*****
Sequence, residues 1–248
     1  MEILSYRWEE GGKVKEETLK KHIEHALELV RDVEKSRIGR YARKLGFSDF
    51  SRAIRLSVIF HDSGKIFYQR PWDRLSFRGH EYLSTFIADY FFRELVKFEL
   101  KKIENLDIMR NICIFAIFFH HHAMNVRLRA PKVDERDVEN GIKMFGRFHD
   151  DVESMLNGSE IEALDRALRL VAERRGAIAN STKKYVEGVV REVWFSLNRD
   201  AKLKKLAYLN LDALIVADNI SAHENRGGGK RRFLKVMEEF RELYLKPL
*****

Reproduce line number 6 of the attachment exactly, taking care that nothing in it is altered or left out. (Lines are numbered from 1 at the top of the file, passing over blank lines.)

   201  AKLKKLAYLN LDALIVADNI SAHENRGGGK RRFLKVMEEF RELYLKPL